Skeet shooting is another common type of clay pigeon shooting. It differs from trap shooting because the clay targets are thrown at set heights, trajectories and speeds, allowing more preparation to hit the target. There is still variety because you move to different shooting stations. Clay targets are released from two separate trap houses about 40 metres apart on either side of a semicircle. There are eight shooting stations, with seven positions around a semicircle and an eighth, halfway between stations one and seven.

In both trap and skeet clay pigeon shooting, sometimes doubles as well as singles are fired. Doubles are when targets come from both trap houses simultaneously.

Another modern form of clay pigeon shooting is simulated game shooting – it is one of the most challenging types and the closest you can get to a real shoot while using a clay target.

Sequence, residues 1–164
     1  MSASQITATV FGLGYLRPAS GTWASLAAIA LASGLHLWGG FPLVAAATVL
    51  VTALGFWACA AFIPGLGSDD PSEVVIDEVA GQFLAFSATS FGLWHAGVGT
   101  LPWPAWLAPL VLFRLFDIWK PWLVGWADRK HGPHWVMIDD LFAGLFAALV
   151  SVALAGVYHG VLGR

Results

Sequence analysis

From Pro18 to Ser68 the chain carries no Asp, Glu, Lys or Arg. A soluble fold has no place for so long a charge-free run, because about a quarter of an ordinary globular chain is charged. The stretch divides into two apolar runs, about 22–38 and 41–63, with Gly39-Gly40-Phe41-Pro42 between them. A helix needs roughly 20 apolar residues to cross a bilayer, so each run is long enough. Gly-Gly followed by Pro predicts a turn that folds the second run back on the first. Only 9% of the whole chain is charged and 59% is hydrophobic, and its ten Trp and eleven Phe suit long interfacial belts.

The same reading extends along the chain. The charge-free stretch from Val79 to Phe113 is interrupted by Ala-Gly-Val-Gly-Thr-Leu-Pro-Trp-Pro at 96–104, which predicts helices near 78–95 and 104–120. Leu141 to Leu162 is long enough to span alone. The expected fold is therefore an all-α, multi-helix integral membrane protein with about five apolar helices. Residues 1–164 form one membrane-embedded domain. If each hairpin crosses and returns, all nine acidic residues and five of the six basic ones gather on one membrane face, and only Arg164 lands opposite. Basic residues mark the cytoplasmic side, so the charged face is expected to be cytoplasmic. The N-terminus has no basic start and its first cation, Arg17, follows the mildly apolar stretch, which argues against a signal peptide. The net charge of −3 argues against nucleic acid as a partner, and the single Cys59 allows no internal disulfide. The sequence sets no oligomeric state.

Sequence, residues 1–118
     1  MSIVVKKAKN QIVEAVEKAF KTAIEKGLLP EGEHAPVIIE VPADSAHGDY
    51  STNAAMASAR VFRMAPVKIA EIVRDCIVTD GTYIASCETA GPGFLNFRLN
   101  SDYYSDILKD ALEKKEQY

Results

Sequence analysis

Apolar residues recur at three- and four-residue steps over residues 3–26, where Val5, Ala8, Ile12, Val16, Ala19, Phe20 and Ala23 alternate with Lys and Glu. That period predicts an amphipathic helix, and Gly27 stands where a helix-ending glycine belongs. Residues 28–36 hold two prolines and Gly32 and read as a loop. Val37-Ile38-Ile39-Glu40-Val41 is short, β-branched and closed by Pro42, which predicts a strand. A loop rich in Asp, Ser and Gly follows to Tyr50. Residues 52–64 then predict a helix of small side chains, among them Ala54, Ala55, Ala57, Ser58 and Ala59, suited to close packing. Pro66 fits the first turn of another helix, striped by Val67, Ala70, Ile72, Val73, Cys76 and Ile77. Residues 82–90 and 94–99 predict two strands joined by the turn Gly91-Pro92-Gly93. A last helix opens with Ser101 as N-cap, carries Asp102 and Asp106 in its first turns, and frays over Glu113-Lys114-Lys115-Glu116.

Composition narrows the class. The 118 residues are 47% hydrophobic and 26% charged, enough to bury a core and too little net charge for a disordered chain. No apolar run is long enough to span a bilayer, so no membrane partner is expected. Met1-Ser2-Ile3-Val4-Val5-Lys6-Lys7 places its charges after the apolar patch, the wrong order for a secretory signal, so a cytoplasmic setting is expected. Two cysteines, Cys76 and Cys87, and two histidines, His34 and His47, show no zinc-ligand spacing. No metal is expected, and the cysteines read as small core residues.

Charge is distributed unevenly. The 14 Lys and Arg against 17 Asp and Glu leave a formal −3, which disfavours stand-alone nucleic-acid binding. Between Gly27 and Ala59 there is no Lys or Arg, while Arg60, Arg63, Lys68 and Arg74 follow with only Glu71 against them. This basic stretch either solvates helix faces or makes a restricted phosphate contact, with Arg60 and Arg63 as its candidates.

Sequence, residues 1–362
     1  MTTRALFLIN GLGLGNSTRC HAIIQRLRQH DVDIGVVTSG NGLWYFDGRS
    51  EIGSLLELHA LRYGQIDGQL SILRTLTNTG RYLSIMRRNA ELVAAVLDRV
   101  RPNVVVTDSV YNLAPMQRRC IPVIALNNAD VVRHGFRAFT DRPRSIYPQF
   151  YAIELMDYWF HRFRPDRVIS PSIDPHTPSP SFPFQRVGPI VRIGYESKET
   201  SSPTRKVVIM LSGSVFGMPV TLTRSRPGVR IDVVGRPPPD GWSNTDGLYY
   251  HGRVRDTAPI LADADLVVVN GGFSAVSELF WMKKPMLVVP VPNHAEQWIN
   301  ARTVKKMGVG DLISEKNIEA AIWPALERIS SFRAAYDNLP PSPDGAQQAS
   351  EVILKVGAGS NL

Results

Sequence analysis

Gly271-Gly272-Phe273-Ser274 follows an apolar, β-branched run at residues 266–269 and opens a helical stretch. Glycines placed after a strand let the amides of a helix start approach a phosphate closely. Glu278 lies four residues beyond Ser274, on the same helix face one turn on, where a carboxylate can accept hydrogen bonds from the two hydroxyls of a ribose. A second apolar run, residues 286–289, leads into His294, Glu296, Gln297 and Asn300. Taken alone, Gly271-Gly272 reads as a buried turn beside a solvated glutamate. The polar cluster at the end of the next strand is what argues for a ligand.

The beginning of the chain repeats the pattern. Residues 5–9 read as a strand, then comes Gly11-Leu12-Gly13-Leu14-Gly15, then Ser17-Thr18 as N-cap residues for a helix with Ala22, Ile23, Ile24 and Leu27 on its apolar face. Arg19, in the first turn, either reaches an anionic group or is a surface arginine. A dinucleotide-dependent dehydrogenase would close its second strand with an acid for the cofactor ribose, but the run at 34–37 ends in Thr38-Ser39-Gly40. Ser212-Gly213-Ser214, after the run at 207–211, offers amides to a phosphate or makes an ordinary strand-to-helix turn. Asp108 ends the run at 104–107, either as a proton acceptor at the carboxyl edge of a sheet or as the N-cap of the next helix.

Where and when?
Find your nearest clay shooting ground on the Clay Pigeon Shooting Association (CPSA) website. Clay pigeon shooting can be enjoyed all year round.

Simulated game shooting
Simulated game shooting, also known as sporting clays, mimics a day on a live field shoot as closely as possible with the difference of shooting clay targets instead of live game. It takes place outside in superb scenery and in great company just like on a traditional shoot, but without being able to eat what you shoot!

Lower cost, same exhilaration
Simulated days offer the exhilaration of a driven game shoot at a much lower cost. A range of different drives may be offered – representing partridge across steep banks, pheasants over woods, or grouse, pigeons or ducks in flight.